The both/and approach doesn’t mean that I am not going to raise some difficult questions. There is a lot of evidence of the Woozle Effect in adult development theory which in the main when you trace it back, rests on Piaget’s reflections on his own children and a series of highly culturally restricted studies which no one has managed to replicate. At the respectable end, we can see Kegan’s work, which I first encountered (and respected) in the field of gestalt psychology but its use elsewhere gets more problematic. The whole of spiral dynamics stems from Grave’s highly limited and poorly controlled experiments with his own students. Add the Wilber cult (which has damaged what could have been interesting Integral work) and you have something pretty poisonous. Nora Bateson, rightly, has pointed out similarities to aspects of eugenics; privileging a cultural elite – I once called it faux Buddhism as it appropriates a profound set of ‘religious’ practices into a neo-Libertarian North American culture.
It is clearly true is that we cannot program a human being to understand or act without some basis in experience over time, and linked to that and to various contextual issues, gaining the ability to see things from different perspectives and act differently as a result. As I said earlier my issue with maturity models is not necessarily the description of their stages, but the idea that progress through them is linear. Hence my earlier suggestion of treating the stages in a non-linear way by describing them as modulators that can vary in strength etc. in different contexts. That switch allows us to move forwards, respecting the old without being bound by it and we are working with partners on a coaching offer based on that change.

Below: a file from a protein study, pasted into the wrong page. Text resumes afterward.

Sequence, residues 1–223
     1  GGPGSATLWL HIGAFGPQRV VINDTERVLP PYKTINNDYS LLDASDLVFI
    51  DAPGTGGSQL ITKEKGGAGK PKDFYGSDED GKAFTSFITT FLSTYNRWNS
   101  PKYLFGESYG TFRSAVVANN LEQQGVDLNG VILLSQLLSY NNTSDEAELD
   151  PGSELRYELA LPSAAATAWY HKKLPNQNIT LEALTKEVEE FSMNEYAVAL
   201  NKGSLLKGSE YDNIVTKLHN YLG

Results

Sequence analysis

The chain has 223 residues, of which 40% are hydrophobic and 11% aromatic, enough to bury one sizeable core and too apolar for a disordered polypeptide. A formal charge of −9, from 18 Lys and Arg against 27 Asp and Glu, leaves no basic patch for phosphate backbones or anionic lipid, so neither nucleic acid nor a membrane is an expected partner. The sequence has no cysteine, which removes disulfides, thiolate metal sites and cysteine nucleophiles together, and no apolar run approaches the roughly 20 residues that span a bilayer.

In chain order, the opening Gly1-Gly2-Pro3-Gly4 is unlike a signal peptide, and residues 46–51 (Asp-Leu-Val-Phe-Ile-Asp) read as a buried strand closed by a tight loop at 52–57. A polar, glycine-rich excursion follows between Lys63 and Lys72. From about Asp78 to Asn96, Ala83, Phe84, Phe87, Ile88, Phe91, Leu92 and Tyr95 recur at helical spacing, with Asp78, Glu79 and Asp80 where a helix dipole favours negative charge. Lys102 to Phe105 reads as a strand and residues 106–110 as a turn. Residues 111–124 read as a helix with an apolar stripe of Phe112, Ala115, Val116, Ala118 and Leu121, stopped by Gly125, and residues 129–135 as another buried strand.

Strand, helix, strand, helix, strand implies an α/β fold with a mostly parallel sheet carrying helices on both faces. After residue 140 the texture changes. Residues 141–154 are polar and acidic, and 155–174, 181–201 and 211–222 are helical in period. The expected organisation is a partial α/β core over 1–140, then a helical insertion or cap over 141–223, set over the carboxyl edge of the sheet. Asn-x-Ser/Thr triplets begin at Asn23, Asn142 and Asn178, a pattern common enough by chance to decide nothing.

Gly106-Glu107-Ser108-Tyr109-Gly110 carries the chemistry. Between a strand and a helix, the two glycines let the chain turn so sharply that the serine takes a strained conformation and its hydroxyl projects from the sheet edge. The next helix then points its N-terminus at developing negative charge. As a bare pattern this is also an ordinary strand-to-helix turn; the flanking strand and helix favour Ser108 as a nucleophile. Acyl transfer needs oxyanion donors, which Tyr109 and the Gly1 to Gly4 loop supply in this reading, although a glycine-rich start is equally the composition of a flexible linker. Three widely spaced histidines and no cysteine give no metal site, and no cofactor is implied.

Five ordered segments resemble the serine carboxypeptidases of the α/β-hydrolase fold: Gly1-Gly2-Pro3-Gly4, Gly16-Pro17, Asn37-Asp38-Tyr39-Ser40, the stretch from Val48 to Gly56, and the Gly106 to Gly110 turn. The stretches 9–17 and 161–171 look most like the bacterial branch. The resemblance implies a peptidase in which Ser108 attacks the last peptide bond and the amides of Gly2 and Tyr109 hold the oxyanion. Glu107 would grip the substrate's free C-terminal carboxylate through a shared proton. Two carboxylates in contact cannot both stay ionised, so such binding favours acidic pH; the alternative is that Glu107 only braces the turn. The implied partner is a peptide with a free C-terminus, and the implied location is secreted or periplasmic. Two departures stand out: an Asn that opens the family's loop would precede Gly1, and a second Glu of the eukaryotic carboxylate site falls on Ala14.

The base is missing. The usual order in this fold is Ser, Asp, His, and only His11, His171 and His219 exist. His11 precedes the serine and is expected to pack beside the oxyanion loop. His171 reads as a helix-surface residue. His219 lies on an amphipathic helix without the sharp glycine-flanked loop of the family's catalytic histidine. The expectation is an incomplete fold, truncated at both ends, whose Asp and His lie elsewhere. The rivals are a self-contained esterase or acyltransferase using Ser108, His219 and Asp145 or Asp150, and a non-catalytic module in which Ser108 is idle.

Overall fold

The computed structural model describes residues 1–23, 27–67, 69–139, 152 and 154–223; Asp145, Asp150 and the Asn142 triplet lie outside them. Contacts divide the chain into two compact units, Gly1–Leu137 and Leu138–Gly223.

I will make this point strongly as well – I am not against individual change and coaching, in fact, I think it is really important, especially for those in a leadership position. But what really matters is your relationship with the coach rather than the specific theory they are using. Yes, avoid the obvious pseudoscience such as Neurolinguistic Programming and Spiral Dynamics, but otherwise, most theoretical constructs will enable a productive conversation. I’ve never been comfortable with the ethics or aesthetics or underlying philosophy of the Tavistock approach but I accept it has worked for some. So we are interested in extending that type of work through SenseMaker® to facilitate the coach and the coachee to gain multiple micro feedback on how they are perceived and if they are going in the right direction, different theories can be incorporated into the signifier sets. While all of that will help in the process of organisational development, it is neither a necessary nor a sufficient condition to enable change. I might be prepared to compromise on that a bit and say that in some contexts it may be necessary but in general no. We need to do far more, but progressively and working from where things are, rather than where we would like them to be.